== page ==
University of Cambridge > > SCI Cambridge Science Talks > Private evening tour of Cambridge University Botanic Garden

Private evening tour of Cambridge University Botanic Garden

Add to your list(s) Download to your calendar using vCal

If you have a question about this talk, please contact John O'Toole.

Meet at the Brookside Gate entrance, 1 Brookside / Bateman Street, Cambridge, CB2 1JE.

Another chance to visit the delightful Cambridge University Botanic Garden, but this time in early June. Last year we visited in April.

The Botanic Garden was established as a University teaching and research resource by Professor John Stevens Henslow, and was opened to the public in 1846. Henslow, who inspired his pupil Charles Darwin with a love of natural science, recognised the need to study plants in their own right. He was convinced that trees were the most important plants in the world and these form the framework of the Garden. With a framework of mature trees and shrubs, this paradise of plants comprises diverse, superbly landscaped settings including: the Rock Garden, representing the alpine plants from the mountains of every continent; the Lake and Water Garden, teeming with bird life; tropical rainforest, the alpine house and seasonal displays in the Glasshouses; and the historic Systematic Beds, displaying 1600 hardy representatives of more than 80 families of flowering plants.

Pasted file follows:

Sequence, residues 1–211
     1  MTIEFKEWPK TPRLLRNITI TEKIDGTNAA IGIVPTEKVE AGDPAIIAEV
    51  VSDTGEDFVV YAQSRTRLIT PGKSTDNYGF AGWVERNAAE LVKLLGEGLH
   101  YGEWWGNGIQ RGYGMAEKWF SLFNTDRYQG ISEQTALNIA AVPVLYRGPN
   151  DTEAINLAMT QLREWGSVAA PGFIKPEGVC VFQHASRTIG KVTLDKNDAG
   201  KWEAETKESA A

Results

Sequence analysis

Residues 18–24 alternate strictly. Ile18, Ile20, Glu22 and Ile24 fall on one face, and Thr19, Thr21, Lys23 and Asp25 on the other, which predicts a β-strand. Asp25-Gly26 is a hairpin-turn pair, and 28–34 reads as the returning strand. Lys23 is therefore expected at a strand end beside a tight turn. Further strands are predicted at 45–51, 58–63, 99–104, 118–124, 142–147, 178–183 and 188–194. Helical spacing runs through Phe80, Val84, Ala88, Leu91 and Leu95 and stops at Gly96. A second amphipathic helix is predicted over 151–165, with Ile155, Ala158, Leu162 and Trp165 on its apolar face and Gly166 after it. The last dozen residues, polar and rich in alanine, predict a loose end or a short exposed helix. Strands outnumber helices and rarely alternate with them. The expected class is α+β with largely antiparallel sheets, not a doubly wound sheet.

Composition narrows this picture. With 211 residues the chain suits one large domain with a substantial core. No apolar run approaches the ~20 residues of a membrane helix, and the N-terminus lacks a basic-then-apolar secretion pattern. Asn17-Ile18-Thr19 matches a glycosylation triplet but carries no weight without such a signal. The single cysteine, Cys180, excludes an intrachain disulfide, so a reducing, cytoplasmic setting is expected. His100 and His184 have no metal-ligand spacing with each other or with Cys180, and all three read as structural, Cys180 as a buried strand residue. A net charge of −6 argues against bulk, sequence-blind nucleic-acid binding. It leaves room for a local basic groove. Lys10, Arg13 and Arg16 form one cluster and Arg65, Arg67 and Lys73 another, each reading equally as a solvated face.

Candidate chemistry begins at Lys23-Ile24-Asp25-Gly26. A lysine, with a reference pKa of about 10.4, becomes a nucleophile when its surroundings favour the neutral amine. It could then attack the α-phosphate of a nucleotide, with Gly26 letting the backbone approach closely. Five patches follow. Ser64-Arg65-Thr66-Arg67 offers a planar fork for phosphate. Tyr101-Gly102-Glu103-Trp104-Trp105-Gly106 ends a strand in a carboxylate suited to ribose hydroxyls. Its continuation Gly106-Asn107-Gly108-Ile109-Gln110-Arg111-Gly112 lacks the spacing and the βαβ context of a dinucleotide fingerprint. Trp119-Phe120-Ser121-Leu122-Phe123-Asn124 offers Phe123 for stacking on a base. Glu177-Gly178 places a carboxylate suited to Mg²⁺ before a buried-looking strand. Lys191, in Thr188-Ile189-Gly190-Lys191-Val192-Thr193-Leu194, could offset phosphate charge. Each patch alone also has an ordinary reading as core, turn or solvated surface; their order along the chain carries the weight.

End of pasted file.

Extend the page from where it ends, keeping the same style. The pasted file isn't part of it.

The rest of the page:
Come and meet a descendant of Newton’s famous apple tree – and your local RSC and SCI committees.

See for general information, directions and map.

UPDATE – PARKING ADVICE : Please be advised that Cambridge City on-street Pay & Display parking charges near to the Botanic Garden have recently changed. Parking is now free only after 6.30pm, and not after 5.00pm as previously.


Organised by SCI ’s Cambridge and Great Eastern Group & the RSC Mid-Anglia Section.

This talk is part of the SCI Cambridge Science Talks series.

Tell a friend about this talk:

This talk is included in these lists:

Note that ex-directory lists are not shown.


© 2006-2024, University of Cambridge. Contact Us | Help and Documentation | Privacy and Publicity